Razer is bringing back the Blade 14 after a lengthy three-year absence, and with it, a new partnership with AMD. The Blade 14 features an eight-core, 16-thread Ryzen 9 5900HX unlocked processor with a base clock of 3.3GHz that boosts up to 4.6GHz. AMD’s processors power some of the strongest gaming laptops on the market, like the Asus ROG Zephyrus G14 and ROG Strix series. The ROG Strix series features the HX-class processor found in the Blade 14, while the more comparable G14 features an HS-class processor.
Aside from its new partnership with AMD, Razer is implementing Nvidia’s RTX 3080 GPU and a 165Hz QHD display into the Blade 14. There are three different models of this laptop. The base version ships with the Ryzen 9 5900HX, an RTX 3060, and an FHD 144Hz display. Moving up the line, Razer offers two models with a 165Hz QHD display with the same 5900HX processor. The only difference between the two QHD models is one features the RTX 3070, and the other offers the RTX 3080.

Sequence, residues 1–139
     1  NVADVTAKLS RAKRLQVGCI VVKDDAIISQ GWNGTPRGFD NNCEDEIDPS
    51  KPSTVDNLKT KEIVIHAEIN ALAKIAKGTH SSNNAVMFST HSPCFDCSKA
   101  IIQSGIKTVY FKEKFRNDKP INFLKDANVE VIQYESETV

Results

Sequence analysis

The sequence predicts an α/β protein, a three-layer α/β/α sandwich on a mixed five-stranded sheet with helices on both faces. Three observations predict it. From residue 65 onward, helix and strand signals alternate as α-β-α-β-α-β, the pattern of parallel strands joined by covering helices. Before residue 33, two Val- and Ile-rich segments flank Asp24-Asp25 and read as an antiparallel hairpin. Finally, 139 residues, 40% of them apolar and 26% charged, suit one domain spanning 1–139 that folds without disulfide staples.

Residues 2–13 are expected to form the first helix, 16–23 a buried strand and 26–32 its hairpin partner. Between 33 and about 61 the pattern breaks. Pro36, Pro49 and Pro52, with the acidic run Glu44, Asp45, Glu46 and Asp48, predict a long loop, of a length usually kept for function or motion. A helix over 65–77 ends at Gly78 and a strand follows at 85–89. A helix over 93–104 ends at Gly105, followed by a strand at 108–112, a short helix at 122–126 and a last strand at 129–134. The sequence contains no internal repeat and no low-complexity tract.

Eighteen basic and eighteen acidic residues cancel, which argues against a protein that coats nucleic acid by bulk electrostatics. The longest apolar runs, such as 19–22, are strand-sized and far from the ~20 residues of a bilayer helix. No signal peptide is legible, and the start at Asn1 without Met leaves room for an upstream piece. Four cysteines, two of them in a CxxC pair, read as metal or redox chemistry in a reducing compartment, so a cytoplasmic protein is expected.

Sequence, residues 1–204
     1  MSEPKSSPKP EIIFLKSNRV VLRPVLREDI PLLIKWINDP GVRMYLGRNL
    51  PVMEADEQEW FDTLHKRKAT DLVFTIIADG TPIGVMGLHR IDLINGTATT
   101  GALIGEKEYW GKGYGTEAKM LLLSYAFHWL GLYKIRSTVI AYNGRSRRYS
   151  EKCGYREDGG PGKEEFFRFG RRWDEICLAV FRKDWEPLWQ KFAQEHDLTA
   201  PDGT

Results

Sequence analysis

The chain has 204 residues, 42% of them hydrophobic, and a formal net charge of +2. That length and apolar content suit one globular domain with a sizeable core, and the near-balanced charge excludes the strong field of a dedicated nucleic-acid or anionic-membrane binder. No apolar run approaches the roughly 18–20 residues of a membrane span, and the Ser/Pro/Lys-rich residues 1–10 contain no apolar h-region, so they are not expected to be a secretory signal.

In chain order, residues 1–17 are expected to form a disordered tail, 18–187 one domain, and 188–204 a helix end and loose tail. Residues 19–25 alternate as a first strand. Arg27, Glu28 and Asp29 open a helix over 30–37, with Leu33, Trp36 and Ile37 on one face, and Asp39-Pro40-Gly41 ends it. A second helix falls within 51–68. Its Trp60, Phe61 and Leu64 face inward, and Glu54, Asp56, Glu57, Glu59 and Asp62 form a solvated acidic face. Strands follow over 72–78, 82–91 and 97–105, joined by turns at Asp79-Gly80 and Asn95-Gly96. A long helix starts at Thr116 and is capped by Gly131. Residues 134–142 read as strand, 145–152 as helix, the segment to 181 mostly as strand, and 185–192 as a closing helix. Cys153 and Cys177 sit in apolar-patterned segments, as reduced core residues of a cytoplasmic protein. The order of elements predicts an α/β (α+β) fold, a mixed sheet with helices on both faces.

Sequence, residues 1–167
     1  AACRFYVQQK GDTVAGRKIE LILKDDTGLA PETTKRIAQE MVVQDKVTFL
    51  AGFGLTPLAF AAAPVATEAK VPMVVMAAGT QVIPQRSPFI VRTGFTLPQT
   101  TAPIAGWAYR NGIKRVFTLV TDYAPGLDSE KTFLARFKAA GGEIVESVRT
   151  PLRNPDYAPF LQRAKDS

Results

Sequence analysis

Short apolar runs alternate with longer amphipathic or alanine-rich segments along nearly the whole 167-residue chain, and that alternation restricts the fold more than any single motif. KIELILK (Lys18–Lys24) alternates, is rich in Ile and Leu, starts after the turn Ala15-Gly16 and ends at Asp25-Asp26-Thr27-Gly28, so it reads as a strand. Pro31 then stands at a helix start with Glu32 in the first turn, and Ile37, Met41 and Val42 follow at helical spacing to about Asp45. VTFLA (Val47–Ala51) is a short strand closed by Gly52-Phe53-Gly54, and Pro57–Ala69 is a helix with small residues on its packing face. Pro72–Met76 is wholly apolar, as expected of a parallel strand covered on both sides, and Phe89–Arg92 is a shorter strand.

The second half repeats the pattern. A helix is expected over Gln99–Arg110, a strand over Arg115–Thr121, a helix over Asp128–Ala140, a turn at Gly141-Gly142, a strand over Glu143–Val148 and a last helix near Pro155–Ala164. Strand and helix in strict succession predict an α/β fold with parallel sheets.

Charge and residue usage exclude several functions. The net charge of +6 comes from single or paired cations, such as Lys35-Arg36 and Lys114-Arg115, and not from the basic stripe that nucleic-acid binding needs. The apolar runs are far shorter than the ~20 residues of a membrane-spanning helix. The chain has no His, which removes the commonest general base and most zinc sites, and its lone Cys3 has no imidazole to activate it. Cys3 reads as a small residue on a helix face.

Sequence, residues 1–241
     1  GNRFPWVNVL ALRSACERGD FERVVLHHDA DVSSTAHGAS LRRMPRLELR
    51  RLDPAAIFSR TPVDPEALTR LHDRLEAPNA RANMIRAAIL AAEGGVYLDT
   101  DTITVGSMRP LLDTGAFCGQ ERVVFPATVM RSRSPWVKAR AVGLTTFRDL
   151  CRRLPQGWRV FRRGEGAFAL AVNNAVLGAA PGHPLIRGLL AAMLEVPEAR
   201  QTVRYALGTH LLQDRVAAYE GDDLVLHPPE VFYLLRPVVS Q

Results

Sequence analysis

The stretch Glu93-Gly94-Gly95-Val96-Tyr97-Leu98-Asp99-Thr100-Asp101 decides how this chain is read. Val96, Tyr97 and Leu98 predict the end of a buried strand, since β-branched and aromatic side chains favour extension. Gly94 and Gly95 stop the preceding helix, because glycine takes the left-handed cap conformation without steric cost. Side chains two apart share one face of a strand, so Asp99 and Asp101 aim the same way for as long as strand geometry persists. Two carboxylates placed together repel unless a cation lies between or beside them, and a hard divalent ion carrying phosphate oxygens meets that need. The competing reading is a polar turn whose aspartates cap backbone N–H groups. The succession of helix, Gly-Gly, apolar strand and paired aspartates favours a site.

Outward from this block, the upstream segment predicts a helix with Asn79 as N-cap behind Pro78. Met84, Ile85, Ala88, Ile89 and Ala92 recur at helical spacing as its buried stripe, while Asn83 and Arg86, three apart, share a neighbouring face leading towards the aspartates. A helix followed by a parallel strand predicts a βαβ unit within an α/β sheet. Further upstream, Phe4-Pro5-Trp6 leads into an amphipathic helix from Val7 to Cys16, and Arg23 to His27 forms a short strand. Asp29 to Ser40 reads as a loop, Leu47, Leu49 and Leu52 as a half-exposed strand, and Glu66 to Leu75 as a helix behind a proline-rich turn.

Razer packs all of this power into an impressively slim 14-inch laptop that follows the same Blade design language fans have become accustomed to. Along with the familiar design comes a wide feature set including upgradable storage from 1TB, Chroma RGB, 16GB DDR4-3200MHz RAM, Wi-Fi 6E, Bluetooth 5.2, several USB connections, DisplayPort 1.4, and HDMI 2.1.
Each model of the Razer 14 runs $1,799, $2,199, and $2,799, respectively.
Despite its new partnership with AMD, Razer still offers its newest Intel-based Blade laptops.
The Blade 14 is available now. For more information, fans can visit the official Razer Store.